Therefore, in the span of a five-year-period, a considerable part of Italians believes they have suffered a social retrocession. This does not only mean an income drop, but can also come from giving opportunities up or from savings or assets’ erosion required to maintain the same lifestyle. The average figure, as usual, hides uneven situations in our country that translate into a territorial gap seen by just a handful of other European countries.

Thus, if in the North, on average, 64.3% of citizens are in the lower and medium-low classes, a similar situation can be seen for the 74.4% of the population living in the Centre-South of the country (with the South reaching 76.1%). By comparing the self-placements in the two periods, it is possible to draw Italians’ perceived social mobility, that is to say how and if the social elevator works. The outcome pictures a mainly blocked country. Almost three quarters of Italians (71.8%) believe the social elevator remains blocked on the same floor: in the examined period (2013-2018) there has only been a horizontal mobility.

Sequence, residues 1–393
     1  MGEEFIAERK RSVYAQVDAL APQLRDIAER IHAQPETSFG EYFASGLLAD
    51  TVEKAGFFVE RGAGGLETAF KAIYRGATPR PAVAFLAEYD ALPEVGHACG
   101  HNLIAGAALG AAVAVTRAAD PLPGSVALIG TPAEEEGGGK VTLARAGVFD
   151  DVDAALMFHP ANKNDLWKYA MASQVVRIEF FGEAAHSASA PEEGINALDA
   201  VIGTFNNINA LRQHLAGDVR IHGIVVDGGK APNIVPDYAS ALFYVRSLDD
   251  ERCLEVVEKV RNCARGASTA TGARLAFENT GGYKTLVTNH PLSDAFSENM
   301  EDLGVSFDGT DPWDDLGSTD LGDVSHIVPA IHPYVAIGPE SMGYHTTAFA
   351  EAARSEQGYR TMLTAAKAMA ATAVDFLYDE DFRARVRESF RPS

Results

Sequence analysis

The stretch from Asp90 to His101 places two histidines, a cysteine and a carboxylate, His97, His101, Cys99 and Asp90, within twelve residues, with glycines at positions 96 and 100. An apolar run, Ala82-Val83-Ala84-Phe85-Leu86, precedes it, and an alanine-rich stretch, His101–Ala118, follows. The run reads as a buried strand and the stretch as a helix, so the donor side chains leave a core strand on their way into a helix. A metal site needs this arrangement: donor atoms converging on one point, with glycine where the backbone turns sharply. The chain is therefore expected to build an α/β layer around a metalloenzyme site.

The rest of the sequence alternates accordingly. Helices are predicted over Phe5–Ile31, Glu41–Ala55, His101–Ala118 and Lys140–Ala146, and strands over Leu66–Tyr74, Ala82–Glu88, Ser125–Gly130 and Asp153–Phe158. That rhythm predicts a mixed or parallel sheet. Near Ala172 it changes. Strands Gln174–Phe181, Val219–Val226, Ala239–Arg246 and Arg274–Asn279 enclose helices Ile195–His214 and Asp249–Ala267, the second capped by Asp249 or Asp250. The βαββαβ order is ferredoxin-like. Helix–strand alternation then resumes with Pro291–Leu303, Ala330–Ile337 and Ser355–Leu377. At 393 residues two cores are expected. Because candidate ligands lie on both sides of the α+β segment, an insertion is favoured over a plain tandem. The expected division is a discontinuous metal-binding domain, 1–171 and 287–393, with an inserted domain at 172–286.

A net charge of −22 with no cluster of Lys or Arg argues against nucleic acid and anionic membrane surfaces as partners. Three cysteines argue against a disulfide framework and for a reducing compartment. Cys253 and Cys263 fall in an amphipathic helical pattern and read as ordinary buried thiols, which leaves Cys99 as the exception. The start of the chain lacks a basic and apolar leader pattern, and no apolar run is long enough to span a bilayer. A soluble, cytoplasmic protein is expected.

On the other hand, a fifth of the citizenship (21.4%) has seen its social elevator falling down. This drop mainly involves those with a low educational level (31.3%), while the ones belonging to a lower class (51.7%) are unemployed (32.8%) or self-employed (32.8%). It mainly affects people living in the South (24.1%). Very few (6.8%) experienced an upward social mobility, almost exclusively involving those belonging to the upper-middle class (30.0%).